Tire Repair for preppers

tire repair

This is a tire repair kit for plugging holes without dismounting the tire.

When there is no electricity and one of your truck tires has a puncher and is flat, what do you do?  Years ago, when the tires contained inner tubes and everybody had a old hand operated tire pump in their garage it was not as much of a problem.  So how do you handle a tire repair after TEOTWAWKI.

Hopefully the tire has a small hole that you can locate without dismounting the tire from the rim and you have a tire repair kit for plugging holes.  If you do, it is not hard to repair the tire.  If you don’t have a tire repair plug kit and some vulcanizing patches you need to stock some in your preps.

tire repair

This is a vulcanizing kit for repairing larger holes when you have to dismount the tire

Your next problem is how to re-inflate the tire.  If you have access to an electrical operated air pump, the type that runs off your cigarette lighter will work fine, you are golden.  If not a bicycle pump will work, but it will take awhile.  You may want to find a good hand operated bicycle pump now while they are easy to find.  I suggest a good quality one, because it can take a lot of pumping with the more inexpensive ones. The old upright T handled pumps or the foot-operated ones work the best.

Make sure that your bicycle pump is adaptable to a Schrader valve.  Some bike pumps work with a Presta (bikes only) valve and these will not connect to your car tires.  A good hand pump I have had recommended to me is the Topeak’s Joe Blow Sport II.

tire repair

This is the style tire pump I recommend

If you have to dismount and remount the tire, you have a much bigger problem.  First, you need to have a sledge hammer and several large bars.  You use the hammer to separate the bead of the tire from the edge of the rim. The bead of the tire is the portion of the tire that makes contact with the rim.  If you have another vehicle available you can drive it on the side of the tire to break the bead loose. The bars are used to take the tire off and put it back on the rim after it is repaired.

After you have repaired the tire, you have the problem of how to re-inflate the tire.  Since you don’t have an inner tube you have to get the tire to expand so that the bead makes contact with the wheel.  In a tire shop, they use an air tube that causes the tire to expand.  In an emergency, you can use a ratchet operated tie down.

Keeping inner tubes on hand for an emergency doesn’t work, the new radial tires are not compatible with inner tubes and inner tubes are getting hard to find.  You do have the option of keeping a second set of tires already mounted to rims.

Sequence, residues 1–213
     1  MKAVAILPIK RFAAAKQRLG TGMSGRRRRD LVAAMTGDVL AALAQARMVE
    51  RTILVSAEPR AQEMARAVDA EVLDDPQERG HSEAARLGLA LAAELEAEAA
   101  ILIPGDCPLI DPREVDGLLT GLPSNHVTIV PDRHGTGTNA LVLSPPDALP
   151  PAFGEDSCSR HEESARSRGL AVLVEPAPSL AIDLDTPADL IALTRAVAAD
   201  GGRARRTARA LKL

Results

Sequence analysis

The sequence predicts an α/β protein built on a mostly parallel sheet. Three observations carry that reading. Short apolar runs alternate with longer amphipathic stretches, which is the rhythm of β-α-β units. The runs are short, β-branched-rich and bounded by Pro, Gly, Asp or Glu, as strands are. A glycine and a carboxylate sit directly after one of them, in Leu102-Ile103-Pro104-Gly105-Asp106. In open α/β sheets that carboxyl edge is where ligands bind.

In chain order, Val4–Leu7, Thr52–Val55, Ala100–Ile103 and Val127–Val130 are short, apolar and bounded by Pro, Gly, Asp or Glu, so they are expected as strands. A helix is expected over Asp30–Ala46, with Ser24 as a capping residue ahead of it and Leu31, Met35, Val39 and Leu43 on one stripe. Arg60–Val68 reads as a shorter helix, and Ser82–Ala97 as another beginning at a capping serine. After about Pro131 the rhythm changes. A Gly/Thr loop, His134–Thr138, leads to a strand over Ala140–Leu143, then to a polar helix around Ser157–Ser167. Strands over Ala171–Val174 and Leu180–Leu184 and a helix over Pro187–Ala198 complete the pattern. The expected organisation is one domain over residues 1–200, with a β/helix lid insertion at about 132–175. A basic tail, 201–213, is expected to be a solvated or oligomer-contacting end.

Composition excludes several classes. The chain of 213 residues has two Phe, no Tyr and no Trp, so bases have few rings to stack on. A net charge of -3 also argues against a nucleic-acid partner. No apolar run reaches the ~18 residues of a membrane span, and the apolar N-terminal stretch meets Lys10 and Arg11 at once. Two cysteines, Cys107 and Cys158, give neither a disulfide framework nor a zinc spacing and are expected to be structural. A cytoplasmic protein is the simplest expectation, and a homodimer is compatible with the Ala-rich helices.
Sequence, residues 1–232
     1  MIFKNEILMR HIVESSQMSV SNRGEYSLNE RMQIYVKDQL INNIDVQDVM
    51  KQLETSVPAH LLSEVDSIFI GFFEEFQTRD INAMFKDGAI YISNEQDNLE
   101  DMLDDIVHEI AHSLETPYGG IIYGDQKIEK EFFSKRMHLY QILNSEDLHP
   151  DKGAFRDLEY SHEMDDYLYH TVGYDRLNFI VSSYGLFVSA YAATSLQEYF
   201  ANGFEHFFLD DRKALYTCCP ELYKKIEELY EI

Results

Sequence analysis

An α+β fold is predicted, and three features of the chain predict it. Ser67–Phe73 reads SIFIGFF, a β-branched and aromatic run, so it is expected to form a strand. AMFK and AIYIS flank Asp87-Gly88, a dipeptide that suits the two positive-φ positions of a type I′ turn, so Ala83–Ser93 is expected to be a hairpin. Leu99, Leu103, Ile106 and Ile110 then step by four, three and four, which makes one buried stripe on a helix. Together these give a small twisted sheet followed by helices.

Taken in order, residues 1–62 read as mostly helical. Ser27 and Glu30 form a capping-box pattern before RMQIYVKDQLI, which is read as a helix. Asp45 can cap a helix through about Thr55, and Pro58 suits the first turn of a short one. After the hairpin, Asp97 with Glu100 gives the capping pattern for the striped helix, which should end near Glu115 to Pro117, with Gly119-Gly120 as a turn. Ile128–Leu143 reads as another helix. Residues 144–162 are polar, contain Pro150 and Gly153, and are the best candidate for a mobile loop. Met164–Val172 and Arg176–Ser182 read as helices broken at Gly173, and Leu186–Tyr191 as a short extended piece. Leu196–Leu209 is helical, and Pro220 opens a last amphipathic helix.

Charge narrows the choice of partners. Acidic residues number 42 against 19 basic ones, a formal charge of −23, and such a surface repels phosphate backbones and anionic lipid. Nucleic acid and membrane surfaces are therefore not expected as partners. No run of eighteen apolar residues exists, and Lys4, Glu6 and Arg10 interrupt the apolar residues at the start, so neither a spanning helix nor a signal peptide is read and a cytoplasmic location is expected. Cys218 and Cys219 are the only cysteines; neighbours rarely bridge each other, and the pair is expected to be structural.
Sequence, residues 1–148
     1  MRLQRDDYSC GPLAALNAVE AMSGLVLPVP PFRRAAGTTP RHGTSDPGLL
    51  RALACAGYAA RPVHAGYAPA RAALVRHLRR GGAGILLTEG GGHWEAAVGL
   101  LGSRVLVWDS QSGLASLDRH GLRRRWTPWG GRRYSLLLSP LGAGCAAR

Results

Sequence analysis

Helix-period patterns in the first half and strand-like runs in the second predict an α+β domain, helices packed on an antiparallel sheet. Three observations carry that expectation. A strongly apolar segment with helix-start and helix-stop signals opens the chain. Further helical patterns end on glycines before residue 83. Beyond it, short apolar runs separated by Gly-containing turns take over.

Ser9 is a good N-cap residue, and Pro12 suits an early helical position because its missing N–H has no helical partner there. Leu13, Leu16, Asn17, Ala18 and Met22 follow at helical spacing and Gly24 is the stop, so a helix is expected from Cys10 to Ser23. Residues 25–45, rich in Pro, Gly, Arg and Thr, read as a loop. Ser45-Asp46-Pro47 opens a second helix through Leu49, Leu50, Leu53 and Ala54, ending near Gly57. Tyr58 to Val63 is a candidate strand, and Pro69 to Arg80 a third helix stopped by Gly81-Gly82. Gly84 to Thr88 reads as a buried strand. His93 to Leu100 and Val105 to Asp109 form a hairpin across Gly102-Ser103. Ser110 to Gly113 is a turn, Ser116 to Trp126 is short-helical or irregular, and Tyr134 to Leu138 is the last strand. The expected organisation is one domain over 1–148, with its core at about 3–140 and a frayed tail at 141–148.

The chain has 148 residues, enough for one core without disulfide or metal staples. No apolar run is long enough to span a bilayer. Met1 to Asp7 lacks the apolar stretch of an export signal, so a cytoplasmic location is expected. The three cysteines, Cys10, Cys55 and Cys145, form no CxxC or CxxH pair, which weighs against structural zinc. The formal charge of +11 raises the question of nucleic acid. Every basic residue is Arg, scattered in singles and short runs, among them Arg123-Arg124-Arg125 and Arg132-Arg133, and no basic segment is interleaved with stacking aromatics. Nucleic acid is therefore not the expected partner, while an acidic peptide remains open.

tire repair

This is the band that is used in a tire shop to expand the tire so that the bead makes contact with the wheel. A ratchet operated tie down can be substituted for this in an emergency.

If you have never fixed a flat tire I strongly suggest that you find someone who is willing to teach you how to repair a tire.  This could be a very valuable skill.

Howard

 

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5 Responses to Tire Repair for preppers

  1. David says:

    A good post this is something I need to learn. the only tires I have changed were on a bike.

  2. John Alexander says:

    Thanks for giving me such valuable skills.These tire repair kits are most helpful for any type of tire repair processes.

    tireworldautoservice.com

  3. Collette Desmarais says:

    I found a bicycle hand pump about a half a year ago sitting on top of the garbage in a dumpster I was walking by. It looked good, so I grabbed it and kept in my car; thinking it’d be useful to have someday. I actually used it just last week to inflate an almost-flat
    tire that had a slow leak in it. It did take awhile, but it got the job done! This pump that I found is a “Raleigh” brand, and is equipped with a great option: the part that attaches to the stem has a rubber insert in it that is ‘reversible’. That is to say, you can unscrew the piece that holds it in there, turn the rubber insert around to accommodate a larger or smaller diameter valve stem on the tire! How useful is that?!!

  4. Sgt Prepper says:

    I love plugs, I have success filling side wall slits with plugs, I just keep slipping them in till I fill up the slit. I put 20 some thousand miles on one of these repairs. I keep several cans of the Fix a flat in my rigs, not that they really “Fix a flat” but they do fill the tire and the junk might help finishing sealing if needed. Check out the repaired slit here!
    http://alpineparadise.com/off-road-driving-tip-4-a-choose-of-tires/

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